City sewer bills stink
Every time I get my bill from the Metropolitan Utilities District, I get upset because of the sewer fees.
In the last 12 months, sewer fees were 34% of my entire bill.
When we bought this home, our sewer was already separated, so that cost was already in the cost of the home. Now we are paying the cost to separate other people’s sewers.
As an analogy, it would be as if my neighbor had snow on his walks and the city cleared them and then asked me to help pay the bill. These charges do not seem right.
Orvil C. Bachmann, Omaha
Men are behind
Although women in the past have been marginalized in the workplace, this is no longer the case. In most cases women are performing better than men.
A Manhattan Institute study shows that girls are graduating from high school at a rate of 72% compared to boys at 65%. The National Center for Education Statistics reports that women are graduating from college at 63% while men are graduating at 57%.
The workplace has become incredibly competitive for entry-level jobs in recent years. Nowadays a college degree is crucial in order to get a job. Women are being sent into the workplace more prepared than men.
In fact, in 2016 the median earnings for women were higher than men. The discussion of a wage gap or unequal opportunity in the workplace is an unproductive conversation at this point.
John Waterfield, Omaha
Will of the people
I read with interest the news that Gov. Pete Ricketts has slammed impeachment proceedings because they don’t “respect the will of the people” (“‘Respect the will of the voters’: Gov. Pete Ricketts slams House impeachment inquiry,” Oct. 4 World-Herald).
After thinking “sounds like non-self-made billionaires stick together,” I implore Ricketts to do some reading. First, the argument that this does not respect the will of the voters is pointless because President Donald Trump did not win a plurality of the popular vote but a plurality of the Electoral College.
Second, if the “will of the people” trumped the ability of a president to be removed from office, provisions for impeachment would not be included in the U.S. Constitution (spoiler alert — it’s in there).
But finally, and most importantly, I’m curious if adherence to “the will of the people” is also supposed to apply to Ricketts himself. There are thousands of Nebraskans who are still waiting for Medicaid expansion, which we voted for in 2018. A majority of Nebraskans are in favor of legalizing medical marijuana. A majority of Nebraskans are in favor of LBGT protections, etc., etc.
Come on, Pete — aren’t you a staunch defender of “the will of the people”?
Michael Zack, Omaha
Six ways from Sunday
On the Rachel Maddow show Jan. 3, 2017, Senate Minority Leader Chuck Schumer said Donald Trump was “really dumb” for picking a fight with intelligence officials because “they have six ways from Sunday at getting back at you.”
To show he knows of what he speaks, just look what’s happened since then.
First, we had Russia Gate, with the appointment of Special Counsel Robert Mueller, which lasted from May 2017 to March 2019, at a cost of $25 million. It had to last that long to make sure it didn’t end before the 2018 elections. Well, they found nothing.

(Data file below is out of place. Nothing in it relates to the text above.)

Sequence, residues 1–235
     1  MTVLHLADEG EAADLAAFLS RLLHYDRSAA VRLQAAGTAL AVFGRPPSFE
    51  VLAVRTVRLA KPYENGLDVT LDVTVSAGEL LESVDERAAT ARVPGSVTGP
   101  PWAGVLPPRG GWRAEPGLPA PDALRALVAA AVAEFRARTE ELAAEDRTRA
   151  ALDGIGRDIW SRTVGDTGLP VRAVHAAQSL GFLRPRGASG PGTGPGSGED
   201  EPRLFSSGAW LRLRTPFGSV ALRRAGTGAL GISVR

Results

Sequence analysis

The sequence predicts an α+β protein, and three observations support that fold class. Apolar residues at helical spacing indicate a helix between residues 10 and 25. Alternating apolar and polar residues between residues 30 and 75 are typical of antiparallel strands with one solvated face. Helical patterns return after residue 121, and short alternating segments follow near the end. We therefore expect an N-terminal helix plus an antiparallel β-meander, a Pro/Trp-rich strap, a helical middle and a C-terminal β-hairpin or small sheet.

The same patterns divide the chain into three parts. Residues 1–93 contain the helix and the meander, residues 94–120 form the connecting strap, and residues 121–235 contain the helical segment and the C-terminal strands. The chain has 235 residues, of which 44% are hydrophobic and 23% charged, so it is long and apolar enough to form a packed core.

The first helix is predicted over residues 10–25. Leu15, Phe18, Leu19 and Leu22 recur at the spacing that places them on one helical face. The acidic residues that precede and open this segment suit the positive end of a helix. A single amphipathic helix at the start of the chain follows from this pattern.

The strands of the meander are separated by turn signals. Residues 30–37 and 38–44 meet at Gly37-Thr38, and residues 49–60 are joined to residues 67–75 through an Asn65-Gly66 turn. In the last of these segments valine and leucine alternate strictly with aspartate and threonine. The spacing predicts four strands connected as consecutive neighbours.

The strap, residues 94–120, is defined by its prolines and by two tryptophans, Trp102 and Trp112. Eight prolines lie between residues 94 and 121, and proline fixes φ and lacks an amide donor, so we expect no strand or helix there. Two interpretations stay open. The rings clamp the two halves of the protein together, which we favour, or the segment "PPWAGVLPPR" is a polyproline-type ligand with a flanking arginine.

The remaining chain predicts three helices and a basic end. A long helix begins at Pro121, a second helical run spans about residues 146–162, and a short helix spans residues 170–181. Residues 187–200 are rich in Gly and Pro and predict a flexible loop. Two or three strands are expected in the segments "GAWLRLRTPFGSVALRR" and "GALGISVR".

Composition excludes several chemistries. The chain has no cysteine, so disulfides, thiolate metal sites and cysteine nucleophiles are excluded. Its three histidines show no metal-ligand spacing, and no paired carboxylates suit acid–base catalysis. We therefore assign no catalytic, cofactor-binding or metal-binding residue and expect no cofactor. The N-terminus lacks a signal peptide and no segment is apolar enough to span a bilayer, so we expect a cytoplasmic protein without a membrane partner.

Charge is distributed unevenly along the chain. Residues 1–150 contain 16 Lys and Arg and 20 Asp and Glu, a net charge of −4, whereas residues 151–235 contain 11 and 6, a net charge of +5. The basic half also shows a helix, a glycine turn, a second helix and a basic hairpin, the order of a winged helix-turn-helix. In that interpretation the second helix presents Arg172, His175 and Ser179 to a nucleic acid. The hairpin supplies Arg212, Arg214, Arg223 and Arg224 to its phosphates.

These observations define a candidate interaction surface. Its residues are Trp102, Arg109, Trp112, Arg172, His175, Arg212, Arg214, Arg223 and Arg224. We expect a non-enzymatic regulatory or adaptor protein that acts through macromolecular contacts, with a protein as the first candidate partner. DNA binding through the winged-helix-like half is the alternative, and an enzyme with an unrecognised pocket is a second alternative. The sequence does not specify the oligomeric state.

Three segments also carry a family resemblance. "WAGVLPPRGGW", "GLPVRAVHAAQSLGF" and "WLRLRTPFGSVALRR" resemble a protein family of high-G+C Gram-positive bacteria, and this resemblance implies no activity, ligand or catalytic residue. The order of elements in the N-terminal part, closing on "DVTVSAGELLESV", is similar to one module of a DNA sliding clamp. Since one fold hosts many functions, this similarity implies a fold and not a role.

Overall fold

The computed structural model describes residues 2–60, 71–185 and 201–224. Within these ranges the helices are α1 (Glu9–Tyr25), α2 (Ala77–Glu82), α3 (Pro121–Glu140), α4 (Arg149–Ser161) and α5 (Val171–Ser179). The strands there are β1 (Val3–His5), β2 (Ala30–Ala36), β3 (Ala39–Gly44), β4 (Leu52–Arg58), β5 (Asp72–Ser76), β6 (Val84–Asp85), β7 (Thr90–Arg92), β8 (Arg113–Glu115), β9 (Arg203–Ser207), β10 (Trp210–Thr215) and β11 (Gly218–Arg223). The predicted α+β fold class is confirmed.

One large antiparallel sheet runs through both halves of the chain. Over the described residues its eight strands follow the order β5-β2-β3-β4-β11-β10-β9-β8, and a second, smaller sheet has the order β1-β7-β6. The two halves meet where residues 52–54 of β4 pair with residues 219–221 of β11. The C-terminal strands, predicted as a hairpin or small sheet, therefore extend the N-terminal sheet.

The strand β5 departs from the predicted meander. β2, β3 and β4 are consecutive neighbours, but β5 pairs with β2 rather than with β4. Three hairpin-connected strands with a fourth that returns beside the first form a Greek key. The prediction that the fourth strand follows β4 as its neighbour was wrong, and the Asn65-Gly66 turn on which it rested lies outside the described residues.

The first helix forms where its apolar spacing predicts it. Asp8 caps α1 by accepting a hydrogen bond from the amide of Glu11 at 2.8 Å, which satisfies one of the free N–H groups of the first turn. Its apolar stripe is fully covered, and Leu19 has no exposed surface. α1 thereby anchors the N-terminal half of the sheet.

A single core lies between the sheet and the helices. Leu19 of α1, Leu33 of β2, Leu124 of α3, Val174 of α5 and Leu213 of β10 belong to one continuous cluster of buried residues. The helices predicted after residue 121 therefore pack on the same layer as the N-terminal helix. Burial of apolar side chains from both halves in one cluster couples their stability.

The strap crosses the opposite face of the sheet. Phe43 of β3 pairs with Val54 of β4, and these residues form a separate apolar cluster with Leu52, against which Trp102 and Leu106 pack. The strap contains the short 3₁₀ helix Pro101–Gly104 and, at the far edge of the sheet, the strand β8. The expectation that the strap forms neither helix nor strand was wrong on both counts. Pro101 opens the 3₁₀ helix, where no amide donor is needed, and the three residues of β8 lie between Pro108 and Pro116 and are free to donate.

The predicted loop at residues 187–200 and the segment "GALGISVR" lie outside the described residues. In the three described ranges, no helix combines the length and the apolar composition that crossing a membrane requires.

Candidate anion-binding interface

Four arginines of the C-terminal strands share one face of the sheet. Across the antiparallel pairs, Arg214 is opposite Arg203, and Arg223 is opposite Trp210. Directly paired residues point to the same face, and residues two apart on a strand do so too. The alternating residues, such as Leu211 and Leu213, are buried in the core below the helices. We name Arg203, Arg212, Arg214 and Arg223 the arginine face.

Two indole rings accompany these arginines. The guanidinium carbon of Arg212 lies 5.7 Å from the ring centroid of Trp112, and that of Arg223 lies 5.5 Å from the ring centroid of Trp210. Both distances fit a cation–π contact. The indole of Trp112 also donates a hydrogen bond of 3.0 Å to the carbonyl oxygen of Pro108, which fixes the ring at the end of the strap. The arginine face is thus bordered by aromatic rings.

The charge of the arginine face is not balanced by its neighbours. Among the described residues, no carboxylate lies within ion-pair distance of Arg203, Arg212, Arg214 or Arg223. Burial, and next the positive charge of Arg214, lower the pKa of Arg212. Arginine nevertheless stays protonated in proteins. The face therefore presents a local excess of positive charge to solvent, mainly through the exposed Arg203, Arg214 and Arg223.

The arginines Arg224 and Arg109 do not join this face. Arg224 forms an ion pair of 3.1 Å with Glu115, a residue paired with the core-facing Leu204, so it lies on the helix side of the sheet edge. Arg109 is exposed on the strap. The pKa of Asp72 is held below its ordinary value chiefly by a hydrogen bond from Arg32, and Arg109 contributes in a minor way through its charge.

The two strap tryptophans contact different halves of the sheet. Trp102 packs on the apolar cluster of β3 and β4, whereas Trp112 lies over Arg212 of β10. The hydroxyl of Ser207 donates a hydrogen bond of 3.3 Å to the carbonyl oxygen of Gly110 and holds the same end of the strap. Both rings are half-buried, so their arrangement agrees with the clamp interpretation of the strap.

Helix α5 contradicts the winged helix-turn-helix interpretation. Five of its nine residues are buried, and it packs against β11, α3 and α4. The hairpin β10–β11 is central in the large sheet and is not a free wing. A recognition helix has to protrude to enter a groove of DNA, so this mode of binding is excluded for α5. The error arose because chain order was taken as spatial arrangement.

Then we had the scandal dealing with President Donald Trump’s congratulatory phone call to the new Ukrainian president, Volodymyr Zelensky. When the president released the transcripts of the call, that scandal also fell apart.
Then we were informed that the definition of what constitutes a whistleblower was changed. Now, having information other than firsthand knowledge could also qualify you as a whistleblower.
We had a CIA leaker, referred to by the mainstream media as a whistleblower. This someone had only second-hand knowledge about the Trump/Zelensky phone call.
We are now being informed that there is a claim of another whistleblower.
Don’t be surprised if all these claims end up failing.
One thing you can be assured of: New claims will continue to arise until the end of Trump’s second term.
Seems that the Deep State considers Trump the true existential threat, and not climate change.
Klaus P. Lindner, La Vista
Congress should serve the people
Pete Lowder (“Sasse isn’t a team player,” Public Pulse Oct. 2) is wrong about Sen. Ben Sasse not being a team player. Congress’ job is not to do what the president says, but to serve the people.
Our government was set up with a system of checks and balances, and when one branch of government tries to destroy our democracy, it is up to the other two to make sure that doesn’t happen.
Charlene Stender, Bellevue
You might get what you ask for
Dean Olson (“Investigation of Biden justified,” Oct. 7 Public Pulse) wondered what other readers thought about the president asking for help from Ukraine’s president to investigate the Bidens — Joe and Hunter.
Hunter Biden, the son of the vice president of the United States, served on the board of the Ukrainian gas company Burisma. It held two meetings a year, and he was paid $50,000 per month. If this would not call for an investigation, then perhaps the president should not be investigated either.
D. Mark O’Neill, Omaha
We must confront reality
According to Joseph Morton’s article (“‘Americans don’t look to Chinese commies for the truth’: Sasse decries Trump’s call for probe,” Oct. 5 World-Herald), Rep. Don Bacon doesn’t think the president has broken any laws.
I encourage Bacon to read up on Title 52 of the U.S. Code Section 30121. The fact that the president has broken the law cannot be disputed. It is irresponsible of the congressman to indicate otherwise.
It breaks my heart to see how divided this country has become, but we must confront our reality with sober eyes. No more whistling past the graveyard.
Andrew Adams, Omaha